Kevin Patton: Now if there isn’t anything I can do to help them, it’s just a matter of them re-engaging, then that’s okay. I’ve accomplished my goal of getting them reengaged. But I’ve also let them know that if they should ever run into trouble, that I’ve already reached out to them. That it’s okay because I want to help them and I’ve told them individually that I want to help them. So now when they do run into trouble, they’re going to be a lot less hesitant to actually reach out to me and say, “Look, I don’t get this topic or this concept.” Or, “Look, I’m having huge issues in my life giving me some tips for how to get my online work done in addition to dealing with this other issue,” or maybe even getting help with that issue. And we’re going to get back to that in a couple of minutes.
Kevin Patton: So when you send out those individual messages, I believe it actually helps them. It actually holds them more accountable than by just ignoring it and letting them manage themselves 100% of the time. I think what you’re doing is saying, “Look, I can see that you’re not holding yourself accountable.” Now I would never word it that way, but that’s part of the message, hopefully that they’re processing in their heads. Like, “Oh my gosh, he’s having to manage me. Why can’t I manage myself? I’m an adult, I’m a college student. I should be able to manage myself.” So I think it pushes them and sort of calls him on that, and helps them become more accountable by calling their attention and the fact that they’re not being self accountable. And at the same time, it’s demonstrating that you do care about their success. So that’s going to give them some more motivation to hold themselves more accountable.
Kevin Patton: They might have some real issues that you can help them with. Or at least help them find the help they need. I have had students have some very, very serious kinds of issues with their family, with their health, with all kinds of things. You just never know. There’s so many things that the statistics tell us how many students are victims of domestic violence, how many are victims of sexual assault? How many college students that have real trouble with depression and other kinds of mental illness, even to the point of considering suicide? These are really serious issues, and I guarantee you that your students have had these and will continue to have these issues.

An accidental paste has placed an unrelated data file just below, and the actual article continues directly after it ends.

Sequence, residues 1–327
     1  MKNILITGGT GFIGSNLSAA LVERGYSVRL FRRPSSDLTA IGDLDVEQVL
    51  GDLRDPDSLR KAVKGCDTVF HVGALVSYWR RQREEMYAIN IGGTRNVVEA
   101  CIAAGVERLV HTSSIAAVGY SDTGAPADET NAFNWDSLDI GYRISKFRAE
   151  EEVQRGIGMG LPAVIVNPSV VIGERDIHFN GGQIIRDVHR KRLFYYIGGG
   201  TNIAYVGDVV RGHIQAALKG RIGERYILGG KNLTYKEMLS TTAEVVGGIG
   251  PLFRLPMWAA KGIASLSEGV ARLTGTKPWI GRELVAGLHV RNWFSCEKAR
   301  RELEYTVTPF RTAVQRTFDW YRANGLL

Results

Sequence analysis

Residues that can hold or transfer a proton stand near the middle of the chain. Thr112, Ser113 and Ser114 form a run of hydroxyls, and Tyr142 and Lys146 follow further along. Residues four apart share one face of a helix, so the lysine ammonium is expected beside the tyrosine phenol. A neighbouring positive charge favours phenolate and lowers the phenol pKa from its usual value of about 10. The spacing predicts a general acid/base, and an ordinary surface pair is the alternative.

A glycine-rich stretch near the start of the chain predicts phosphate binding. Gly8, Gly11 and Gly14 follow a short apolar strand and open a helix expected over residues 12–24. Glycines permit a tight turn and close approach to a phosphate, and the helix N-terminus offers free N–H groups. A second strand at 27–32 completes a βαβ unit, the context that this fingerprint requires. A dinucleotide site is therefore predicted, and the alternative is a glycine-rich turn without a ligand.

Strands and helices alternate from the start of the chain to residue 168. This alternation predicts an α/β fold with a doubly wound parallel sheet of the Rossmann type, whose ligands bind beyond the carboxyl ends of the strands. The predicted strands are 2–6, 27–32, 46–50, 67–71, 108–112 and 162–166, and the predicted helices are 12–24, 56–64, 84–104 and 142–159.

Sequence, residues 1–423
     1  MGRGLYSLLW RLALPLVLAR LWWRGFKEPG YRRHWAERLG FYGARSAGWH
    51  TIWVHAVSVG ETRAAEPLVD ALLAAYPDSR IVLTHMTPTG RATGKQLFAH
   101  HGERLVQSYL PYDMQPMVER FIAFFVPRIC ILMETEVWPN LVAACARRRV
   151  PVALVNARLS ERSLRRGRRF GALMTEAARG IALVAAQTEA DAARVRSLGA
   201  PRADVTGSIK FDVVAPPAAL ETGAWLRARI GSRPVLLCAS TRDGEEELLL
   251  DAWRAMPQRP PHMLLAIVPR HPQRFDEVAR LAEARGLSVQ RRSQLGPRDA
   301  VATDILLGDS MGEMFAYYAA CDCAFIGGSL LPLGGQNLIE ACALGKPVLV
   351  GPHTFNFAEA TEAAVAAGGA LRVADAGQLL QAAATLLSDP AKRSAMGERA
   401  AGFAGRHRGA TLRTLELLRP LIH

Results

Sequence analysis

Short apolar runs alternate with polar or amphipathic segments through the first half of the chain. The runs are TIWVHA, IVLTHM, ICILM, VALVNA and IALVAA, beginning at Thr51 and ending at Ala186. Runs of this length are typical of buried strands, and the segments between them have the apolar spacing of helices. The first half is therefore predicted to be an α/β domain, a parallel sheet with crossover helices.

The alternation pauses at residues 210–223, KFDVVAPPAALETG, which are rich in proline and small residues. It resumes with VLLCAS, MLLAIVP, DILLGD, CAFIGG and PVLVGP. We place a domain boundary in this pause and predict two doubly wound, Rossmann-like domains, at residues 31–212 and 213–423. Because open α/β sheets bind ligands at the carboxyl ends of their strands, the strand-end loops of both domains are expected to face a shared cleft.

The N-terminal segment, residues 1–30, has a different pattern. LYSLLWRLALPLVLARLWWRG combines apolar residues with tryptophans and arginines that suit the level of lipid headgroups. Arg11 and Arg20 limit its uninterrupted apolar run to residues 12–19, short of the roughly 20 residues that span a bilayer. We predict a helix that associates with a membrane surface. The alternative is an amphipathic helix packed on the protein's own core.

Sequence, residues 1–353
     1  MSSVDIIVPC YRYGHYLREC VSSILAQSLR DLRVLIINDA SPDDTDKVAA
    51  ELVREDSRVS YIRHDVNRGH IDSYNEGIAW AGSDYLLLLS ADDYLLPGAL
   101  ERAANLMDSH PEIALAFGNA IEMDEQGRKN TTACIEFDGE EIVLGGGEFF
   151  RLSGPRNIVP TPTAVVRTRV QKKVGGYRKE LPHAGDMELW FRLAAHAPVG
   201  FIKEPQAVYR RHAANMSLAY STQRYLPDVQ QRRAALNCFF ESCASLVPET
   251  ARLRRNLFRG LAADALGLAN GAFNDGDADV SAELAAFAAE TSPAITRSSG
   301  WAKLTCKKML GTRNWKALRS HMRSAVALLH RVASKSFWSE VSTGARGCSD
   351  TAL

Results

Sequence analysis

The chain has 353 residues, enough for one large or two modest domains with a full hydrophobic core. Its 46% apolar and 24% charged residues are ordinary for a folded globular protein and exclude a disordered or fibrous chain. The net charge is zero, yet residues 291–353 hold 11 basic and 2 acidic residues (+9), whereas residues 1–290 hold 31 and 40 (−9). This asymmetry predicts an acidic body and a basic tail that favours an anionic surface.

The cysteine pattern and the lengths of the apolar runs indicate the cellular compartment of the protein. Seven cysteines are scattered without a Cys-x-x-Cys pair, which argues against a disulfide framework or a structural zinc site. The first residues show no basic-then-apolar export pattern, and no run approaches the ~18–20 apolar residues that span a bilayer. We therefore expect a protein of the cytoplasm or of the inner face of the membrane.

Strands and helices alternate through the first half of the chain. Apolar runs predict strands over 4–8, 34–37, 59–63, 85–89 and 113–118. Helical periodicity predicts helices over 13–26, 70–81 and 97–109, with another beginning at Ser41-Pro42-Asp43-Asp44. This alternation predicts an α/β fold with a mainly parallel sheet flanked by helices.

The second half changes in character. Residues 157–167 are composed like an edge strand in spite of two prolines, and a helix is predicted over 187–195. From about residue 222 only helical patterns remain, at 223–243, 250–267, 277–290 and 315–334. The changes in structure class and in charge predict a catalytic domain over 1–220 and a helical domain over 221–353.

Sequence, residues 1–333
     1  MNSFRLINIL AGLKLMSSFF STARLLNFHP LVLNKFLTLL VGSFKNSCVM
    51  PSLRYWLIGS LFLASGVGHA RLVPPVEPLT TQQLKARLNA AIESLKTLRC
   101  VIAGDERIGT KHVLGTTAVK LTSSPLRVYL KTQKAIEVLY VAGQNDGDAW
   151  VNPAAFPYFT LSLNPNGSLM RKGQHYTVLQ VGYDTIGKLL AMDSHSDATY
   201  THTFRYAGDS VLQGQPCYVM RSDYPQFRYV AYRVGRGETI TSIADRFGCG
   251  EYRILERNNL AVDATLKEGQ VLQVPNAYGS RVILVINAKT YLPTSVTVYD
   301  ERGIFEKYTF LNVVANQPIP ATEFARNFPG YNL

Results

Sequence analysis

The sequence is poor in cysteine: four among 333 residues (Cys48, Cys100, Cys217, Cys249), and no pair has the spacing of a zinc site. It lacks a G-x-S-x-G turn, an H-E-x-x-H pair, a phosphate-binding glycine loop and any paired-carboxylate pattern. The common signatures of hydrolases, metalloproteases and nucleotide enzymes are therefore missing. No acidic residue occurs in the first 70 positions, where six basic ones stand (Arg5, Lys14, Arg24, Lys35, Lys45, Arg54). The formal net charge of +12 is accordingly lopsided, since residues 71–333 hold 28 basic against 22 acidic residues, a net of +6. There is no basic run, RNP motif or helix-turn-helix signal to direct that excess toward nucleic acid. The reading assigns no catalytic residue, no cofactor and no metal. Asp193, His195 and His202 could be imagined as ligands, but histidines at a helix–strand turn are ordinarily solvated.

Kevin Patton: And I’m not saying that we can help them with all of those, but we can help them find the help they need, and they can benefit by knowing that there’s at least one person in their corner who is concerned about them and about their success. So their issues could be very minor, but they could be very serious. Maybe even a matter of life and death that we can help them find resources for.
Kevin Patton: Now all of this individual reaching out could really feel like an overwhelming task when you’re looking at it right now. When you’re listening to me talk about, it’s like I can’t do that. And all the other things that I have to do. I know that teachers in general, and I think A&P professors in particular are way, way, way overwhelmed with work. And I think the only people that understand that are me and you. So I empathize. I empathize with your frustration with that. I know that, I know it seems overwhelming. But let me tell you, really, it’s not that bad. It sounds overwhelming, but it isn’t actually overwhelming. If I can do it, you can do it.
Kevin Patton: I’m a really busy guy. You should see my to do list. It is out of this world. But if I can do that kind of thing reaching out individually, it’s just every once in a while with a handful of students. It can really have a huge benefit to your courses and your student success. So you want to check up regularly. You want to check in on your course regularly to see who’s falling behind, but it’s only every once in a while you have to do that. So you can take 10 minutes every Monday morning to check on things, can’t you? That’s not that much. If I can do it as I said, you can do it. The issues that are most likely to show up are most likely to show up in the first few weeks.
Kevin Patton: So sticking to it the first few weeks, maybe even checking in more than once a week, maybe once a day for the first few weeks. It’s not that hard. Just take a few minutes, make a regular habit of it so that it feels like it’s something that is part of your day. And paying attention to that can head off a lot of really big problems later on. You can save those students who otherwise would’ve lost. You save them from withdrawing, you’ve retained them, everybody’s happy, they’re happy, you’re happy, you’re administration is happy. Nipping in the bud early and then taking a few minutes to regularly do it every week. I think that really makes it a much more manageable thing.